As Egyptians vote this week in the third and final round of elections for the lower house of parliament, the country prepares to usher in its first ever Islamist-led government, and the second Islamist parliament to be elected in the region since the start of the Arab revolutions last winter.
In Tunisia, the moderate Islamist party Ennahda swept the polls. In Egypt, the slightly more conservative Muslim Brotherhood will take the majority. And in Libya, the outcome of any future polls will likely yield even more conservative results.
(PHOTOS: Police and protesters clash in Cairo.)
In each case, the politics and rhetoric espoused for decades by the toppled Arab dictators’ Islamist opposition will finally get put to the test: Can they deliver? Many Egyptian voters say the Islamist experiment will be a good thing. “The people we voted for today—we’ll only vote for them again if they do well,” said Ahmed Mohamed Ali, a retired bureaucrat who cast his vote in an industrial suburb north of Cairo on Tuesday. But liberals and youth activists warn the test could yield some shocking changes to the relatively secular system left behind by ousted President Hosni Mubarak.
Islamist leaders were slow to condemn the ruling military council’s crackdown and raids on liberal NGOs last week; and many of their supporters at the polls on Tuesday argued that the NGOs deserved it for receiving foreign funding. Officials from both the Muslim Brotherhood and the ultra-Islamist Nour party—likely to hold the second largest majority—have also said that they would not allow a Christian to become president. “This is not fanaticism. There is a logical argument behind this,” Saad al-Husseini, a high-ranking member of the Brotherhood’s Freedom and Justice Party told Al-Arabiya television on the eve of the vote. And some Islamists, including the deputy head of the Muslim Brotherhood have called for a reexamination of Egypt’s 1979 treaty with Israel, arguing that Egyptians have the right to re-negotiate any agreement formed without popular consent (in this case, a treaty signed by Mubarak’s predecessor and fellow autocrat, Anwar Sadat.)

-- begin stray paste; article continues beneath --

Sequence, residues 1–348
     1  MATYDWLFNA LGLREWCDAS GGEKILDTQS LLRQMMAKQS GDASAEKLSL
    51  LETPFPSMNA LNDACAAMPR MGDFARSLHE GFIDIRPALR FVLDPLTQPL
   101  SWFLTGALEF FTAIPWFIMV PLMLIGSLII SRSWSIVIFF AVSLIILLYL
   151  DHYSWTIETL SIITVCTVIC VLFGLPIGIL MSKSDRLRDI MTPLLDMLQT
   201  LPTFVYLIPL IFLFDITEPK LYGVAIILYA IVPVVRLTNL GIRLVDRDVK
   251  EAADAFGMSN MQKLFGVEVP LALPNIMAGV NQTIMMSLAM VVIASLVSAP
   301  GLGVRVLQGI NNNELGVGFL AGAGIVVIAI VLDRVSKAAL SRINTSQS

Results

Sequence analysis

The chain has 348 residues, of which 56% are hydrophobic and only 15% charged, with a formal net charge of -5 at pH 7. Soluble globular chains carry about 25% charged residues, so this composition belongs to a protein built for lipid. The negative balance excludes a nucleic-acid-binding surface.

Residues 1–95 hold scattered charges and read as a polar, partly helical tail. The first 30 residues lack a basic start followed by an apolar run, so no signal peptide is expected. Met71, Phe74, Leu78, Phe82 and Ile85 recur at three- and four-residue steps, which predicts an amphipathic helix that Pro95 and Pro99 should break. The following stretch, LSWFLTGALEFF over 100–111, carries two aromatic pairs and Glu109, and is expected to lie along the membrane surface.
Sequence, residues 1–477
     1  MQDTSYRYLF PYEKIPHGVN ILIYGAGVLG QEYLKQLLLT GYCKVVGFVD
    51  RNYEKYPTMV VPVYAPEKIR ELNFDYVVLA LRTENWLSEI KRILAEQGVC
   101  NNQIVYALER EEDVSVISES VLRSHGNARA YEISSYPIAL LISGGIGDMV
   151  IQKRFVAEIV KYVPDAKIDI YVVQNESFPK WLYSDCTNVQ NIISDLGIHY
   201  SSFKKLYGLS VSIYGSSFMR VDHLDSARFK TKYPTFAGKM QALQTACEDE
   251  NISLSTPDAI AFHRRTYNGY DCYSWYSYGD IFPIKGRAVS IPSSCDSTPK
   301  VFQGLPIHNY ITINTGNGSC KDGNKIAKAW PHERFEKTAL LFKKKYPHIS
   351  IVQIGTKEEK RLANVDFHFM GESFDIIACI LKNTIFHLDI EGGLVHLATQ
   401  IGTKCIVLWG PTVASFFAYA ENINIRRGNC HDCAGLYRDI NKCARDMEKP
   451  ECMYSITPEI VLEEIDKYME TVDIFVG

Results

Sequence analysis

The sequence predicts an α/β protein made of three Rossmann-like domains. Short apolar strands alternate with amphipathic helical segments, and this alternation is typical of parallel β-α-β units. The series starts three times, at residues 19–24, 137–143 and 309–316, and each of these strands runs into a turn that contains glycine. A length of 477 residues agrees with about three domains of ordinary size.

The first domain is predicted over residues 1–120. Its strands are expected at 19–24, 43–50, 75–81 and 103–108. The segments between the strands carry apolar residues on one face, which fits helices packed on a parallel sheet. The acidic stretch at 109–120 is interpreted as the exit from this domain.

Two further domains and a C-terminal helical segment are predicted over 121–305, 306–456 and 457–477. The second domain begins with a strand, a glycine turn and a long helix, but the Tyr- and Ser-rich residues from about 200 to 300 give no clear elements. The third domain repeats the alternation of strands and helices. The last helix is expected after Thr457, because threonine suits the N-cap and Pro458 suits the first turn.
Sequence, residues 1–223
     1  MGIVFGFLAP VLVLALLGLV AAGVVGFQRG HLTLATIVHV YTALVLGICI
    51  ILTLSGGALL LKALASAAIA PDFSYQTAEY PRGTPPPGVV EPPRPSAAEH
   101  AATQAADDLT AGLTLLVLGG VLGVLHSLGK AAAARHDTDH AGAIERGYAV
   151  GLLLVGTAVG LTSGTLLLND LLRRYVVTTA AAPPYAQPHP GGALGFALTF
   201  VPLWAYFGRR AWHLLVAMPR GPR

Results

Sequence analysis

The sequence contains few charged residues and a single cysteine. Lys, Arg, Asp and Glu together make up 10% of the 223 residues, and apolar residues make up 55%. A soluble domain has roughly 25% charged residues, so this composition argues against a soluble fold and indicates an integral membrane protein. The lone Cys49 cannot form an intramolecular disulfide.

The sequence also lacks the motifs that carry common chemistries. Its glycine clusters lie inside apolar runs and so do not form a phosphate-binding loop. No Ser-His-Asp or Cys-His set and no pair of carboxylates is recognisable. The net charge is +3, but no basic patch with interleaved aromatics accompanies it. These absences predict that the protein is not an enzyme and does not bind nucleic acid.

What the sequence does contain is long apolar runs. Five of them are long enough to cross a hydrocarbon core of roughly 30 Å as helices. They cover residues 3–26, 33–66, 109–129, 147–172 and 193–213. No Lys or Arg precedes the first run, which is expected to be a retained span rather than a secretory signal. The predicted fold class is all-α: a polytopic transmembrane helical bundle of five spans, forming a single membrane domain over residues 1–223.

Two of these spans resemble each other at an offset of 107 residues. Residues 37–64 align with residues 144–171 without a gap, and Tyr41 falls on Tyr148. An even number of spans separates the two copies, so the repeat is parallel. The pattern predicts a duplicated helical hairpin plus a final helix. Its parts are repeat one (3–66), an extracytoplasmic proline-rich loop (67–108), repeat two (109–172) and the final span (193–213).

All this could signal an imminent and radical shift in both diplomacy and internal law for the Middle East’s largest country. Or it might not. The Brotherhood has repeatedly stressed that it will seek to form a broad coalition government. And one of the group’s most popular politicians, who is almost certain to take office after this week’s vote, seemed to dismiss all the rhetoric as having little impact on reality. “The parliament has the right to revise whatever was passed without the public’s consent,” Mohamed El-Beltagy told TIME on Tuesday. “But to revise does not necessarily mean to eliminate.” And Egyptian voters—the majority of whom actively have chosen an Islamist parliament–seem eager to see how the experiment plays out.